On the square,
about seventy miles east of Austin.
Seven days a week 7 a.m.-2 p.m. and 5 p.m.-9 p.m.

Sophie Michalsky has been decorating this place for more than 21 years now. The result is unparalleled cafe kitsch. Besides the Coke machine and the jukebox, there are velvet paintings from down Mexico way and a scale that dispenses fortunes. Those items mingle with sombreros dangling from deer antlers, Shiner beer calendars picturing dogs playing poker, gimme caps, plastic birds on perches hanging from the ceiling, old Christmas cards, wrought-iron ships, and even an award that Sophie’s husband, Jerry, received in 1982 from the American Institute of Architects for some fancy carpentry he did.

But no matter how cluttered and chaotic the decor, the menu is straightforward and simple. Sophie calls it “Take what I got,” and regular customers phone ahead to find out if a favorite dish is on the stove. The vegetables are fresh whenever possible, and she makes pies when she can. Jerry likes dewberry pie so much that he picks the berries himself. Sounds like a great bet during the dewberry season in April.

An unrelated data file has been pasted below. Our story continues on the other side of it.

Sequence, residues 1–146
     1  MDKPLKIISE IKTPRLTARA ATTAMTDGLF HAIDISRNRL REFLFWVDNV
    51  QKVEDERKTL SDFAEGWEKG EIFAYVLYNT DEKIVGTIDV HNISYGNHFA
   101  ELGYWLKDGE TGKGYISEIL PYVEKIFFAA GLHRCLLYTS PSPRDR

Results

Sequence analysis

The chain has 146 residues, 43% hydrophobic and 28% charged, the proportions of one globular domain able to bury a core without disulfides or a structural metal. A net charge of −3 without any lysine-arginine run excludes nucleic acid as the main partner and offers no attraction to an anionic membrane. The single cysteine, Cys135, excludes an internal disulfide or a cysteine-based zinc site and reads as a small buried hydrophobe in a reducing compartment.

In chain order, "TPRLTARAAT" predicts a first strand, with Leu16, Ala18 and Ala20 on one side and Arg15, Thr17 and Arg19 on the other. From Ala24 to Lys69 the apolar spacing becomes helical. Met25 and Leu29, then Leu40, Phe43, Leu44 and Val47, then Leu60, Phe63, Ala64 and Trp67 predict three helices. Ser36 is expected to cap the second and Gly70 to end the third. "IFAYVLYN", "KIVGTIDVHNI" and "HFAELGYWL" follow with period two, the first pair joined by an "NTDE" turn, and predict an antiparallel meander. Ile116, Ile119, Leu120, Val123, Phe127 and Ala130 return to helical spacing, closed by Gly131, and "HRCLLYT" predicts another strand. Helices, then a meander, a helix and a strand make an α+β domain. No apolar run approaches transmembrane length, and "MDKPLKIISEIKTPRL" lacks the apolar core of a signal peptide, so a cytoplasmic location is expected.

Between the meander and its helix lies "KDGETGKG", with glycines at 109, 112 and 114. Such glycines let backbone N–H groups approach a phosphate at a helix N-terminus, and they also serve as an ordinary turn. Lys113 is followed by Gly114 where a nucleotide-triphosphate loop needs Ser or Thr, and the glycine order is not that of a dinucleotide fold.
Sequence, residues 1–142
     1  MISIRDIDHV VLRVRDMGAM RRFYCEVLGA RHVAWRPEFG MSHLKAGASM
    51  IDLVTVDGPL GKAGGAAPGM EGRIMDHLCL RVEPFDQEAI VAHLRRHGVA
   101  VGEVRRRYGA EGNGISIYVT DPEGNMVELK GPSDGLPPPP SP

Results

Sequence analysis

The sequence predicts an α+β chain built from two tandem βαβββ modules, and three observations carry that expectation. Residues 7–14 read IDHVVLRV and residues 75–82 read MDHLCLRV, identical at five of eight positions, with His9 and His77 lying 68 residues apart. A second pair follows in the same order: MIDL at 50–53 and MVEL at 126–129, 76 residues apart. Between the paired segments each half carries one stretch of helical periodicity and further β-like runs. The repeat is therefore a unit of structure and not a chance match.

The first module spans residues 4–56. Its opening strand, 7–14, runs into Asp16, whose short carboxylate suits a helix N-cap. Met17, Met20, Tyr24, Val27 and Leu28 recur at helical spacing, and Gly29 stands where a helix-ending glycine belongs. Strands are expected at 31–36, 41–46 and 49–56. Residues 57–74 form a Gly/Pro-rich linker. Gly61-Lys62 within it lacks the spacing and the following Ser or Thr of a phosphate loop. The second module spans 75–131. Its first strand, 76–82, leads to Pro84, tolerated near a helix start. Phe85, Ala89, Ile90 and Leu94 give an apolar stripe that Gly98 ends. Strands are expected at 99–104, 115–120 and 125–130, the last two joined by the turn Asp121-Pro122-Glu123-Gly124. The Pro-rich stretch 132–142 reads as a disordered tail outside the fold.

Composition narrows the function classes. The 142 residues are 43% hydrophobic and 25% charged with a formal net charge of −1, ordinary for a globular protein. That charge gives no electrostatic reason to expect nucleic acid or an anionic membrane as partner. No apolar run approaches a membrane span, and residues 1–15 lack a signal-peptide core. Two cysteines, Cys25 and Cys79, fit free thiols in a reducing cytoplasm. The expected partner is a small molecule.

One caution: from the outside the place looks dreary. There is only one window and nothing else to invite you in, but take our word for it—the decorations alone are worth the experience.

On the square,
about seventy miles east of Austin.
Tuesday through Sunday7 a.m.-6 p.m. or later.
Closed Monday.

On the one and only square in Fayetteville, just a biscuit’s throw from Michalsky’s Cafe, is Ike and Edith Orsak’s place. We had a solid country breakfast here of smoked ham, eggs, and hashbrowns, and Ike, a taciturn type who takes pride in the food he serves, made us some real hot chocolate. Lunch specials include fried chicken, fried fish, barbecue, and anything else Ike and Edith feel like fixing. One of the best reasons to go to Orsak’s, though, is to read the multitudinous signs on the wall. Apparently what Ike lacks in talkativeness he makes up for with signs, especially funny ones to improve your disposition and make your coffee last a little longer. The Orsak community bulletin board is worth a look-see too.

1008 C Street,
about twenty miles southeast of San Antonio.
Monday through Saturday 10:30 a.m.-9:30 p.m.